A deadly mine accident in northern China is casting a spotlight on the dangers inherent in the country’s effort to prioritize energy security by boosting coal production.
At least six people are dead and 47 missing after a wall collapsed at Xinjing Coal Industry Co.’s open-pit mine in a remote part of Inner Mongolia. Police are investigating the cause of the disaster and have detained several people suspected for being responsible, state broadcaster CCTV reported.
According to Fengkuang Coal Logistics, the mine in question has a history of safety violations and was shut down for three years before 2021, when government officials gave the company permission to reopen it and convert it from a below-ground to an open-pit operation.
That year, China began a campaign to boost coal production after a shortage of the fuel caused widespread power outages. The efforts paid off, with production jumping 10% last year and China getting through the winter without supply disruptions and with ample stockpiles.
But even at the time, industry executives warned that the push to produce more would likely cost lives as companies reopened and expanded smaller mines that, prior to the crisis, had been deemed unnecessary.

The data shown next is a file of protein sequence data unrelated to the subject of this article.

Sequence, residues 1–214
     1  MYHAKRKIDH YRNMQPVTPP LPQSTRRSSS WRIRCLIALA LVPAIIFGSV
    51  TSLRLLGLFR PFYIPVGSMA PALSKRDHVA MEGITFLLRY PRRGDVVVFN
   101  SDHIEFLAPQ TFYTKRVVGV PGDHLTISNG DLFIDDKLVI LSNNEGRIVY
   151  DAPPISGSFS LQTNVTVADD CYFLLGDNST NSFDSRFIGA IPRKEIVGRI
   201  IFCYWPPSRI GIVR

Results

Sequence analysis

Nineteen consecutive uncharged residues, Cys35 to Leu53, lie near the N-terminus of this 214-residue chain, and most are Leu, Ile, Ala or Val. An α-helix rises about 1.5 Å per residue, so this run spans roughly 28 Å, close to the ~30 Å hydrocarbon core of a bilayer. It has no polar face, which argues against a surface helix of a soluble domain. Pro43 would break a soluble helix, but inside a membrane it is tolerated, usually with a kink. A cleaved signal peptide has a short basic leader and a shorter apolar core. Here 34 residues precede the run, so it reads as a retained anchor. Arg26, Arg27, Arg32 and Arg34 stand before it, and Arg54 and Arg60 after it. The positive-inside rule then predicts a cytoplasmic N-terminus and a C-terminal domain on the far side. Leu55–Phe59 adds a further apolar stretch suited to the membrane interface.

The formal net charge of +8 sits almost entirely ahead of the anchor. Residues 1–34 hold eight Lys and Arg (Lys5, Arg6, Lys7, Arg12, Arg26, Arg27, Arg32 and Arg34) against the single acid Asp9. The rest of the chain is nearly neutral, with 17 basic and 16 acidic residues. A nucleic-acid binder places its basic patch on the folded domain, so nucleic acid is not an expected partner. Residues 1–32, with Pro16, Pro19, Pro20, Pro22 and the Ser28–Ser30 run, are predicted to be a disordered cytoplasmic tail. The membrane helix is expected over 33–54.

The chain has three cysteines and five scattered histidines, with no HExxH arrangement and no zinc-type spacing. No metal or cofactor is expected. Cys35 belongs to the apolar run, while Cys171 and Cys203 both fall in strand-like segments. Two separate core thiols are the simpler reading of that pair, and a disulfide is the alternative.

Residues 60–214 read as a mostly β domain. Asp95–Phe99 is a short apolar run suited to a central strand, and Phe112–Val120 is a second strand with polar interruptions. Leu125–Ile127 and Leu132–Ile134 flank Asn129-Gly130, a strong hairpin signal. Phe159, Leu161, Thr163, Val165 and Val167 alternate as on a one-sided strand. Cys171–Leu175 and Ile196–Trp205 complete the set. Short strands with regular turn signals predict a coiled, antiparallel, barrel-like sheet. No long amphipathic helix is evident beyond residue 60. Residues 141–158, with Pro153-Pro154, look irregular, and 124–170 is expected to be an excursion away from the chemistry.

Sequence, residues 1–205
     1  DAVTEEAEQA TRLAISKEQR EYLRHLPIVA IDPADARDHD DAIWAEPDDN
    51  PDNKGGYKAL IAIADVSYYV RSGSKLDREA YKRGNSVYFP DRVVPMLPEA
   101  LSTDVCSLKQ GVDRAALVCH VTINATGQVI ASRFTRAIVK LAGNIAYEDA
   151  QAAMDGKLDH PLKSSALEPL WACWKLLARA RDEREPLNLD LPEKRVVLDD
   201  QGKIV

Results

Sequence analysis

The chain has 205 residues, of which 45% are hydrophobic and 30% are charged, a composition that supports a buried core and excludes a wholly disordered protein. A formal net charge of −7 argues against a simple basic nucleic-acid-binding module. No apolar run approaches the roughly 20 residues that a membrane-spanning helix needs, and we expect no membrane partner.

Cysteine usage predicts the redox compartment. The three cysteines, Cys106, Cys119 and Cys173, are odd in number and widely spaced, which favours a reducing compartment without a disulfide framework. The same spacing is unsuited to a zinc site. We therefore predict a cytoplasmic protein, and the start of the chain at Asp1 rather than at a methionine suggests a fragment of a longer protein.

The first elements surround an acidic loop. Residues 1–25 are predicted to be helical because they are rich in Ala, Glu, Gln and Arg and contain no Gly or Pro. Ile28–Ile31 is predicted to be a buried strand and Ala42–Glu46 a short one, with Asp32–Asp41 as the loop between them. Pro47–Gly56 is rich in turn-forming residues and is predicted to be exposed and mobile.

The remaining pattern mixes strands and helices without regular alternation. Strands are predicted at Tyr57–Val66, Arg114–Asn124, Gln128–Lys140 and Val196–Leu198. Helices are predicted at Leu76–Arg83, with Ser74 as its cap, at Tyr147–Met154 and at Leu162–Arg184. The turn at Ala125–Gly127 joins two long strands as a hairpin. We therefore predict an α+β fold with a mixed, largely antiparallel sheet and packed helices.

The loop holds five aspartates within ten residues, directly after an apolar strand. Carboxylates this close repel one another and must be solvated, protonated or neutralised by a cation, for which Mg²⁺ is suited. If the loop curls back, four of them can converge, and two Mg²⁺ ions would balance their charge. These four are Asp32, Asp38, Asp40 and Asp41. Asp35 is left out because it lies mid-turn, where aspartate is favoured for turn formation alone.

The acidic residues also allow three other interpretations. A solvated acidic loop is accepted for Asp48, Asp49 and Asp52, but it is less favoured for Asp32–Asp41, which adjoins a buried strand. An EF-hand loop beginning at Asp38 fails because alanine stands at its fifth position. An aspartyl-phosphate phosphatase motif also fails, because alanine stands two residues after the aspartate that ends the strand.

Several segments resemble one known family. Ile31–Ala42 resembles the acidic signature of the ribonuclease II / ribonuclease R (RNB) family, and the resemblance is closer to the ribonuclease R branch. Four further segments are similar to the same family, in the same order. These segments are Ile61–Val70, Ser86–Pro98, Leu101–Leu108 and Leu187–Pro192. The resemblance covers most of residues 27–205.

Xinjing Coal didn’t respond to a request for comment sent to its public email address.
Among the safety problems at the Xinjing mine, it faced administrative punishment for not having signs for speed limits and crossings on the main road to the pit, and for failing to have a warning sign in a landslide area, according to Fengkuang. It was forced to stop production in 2015 for not receiving approval to begin construction and for not implementing environmental impact assessment requirements, the consultancy said.
As rescue crews continue their search for the remaining missing workers, government officials in Inner Mongolia and neighboring provinces have launched safety inspections to try to prevent more accidents. That may slow production in the first quarter, but the impact is likely to be limited as Beijing continues to prioritize producing enough coal to fuel its economic rebound, according to a note from Citic Futures Co.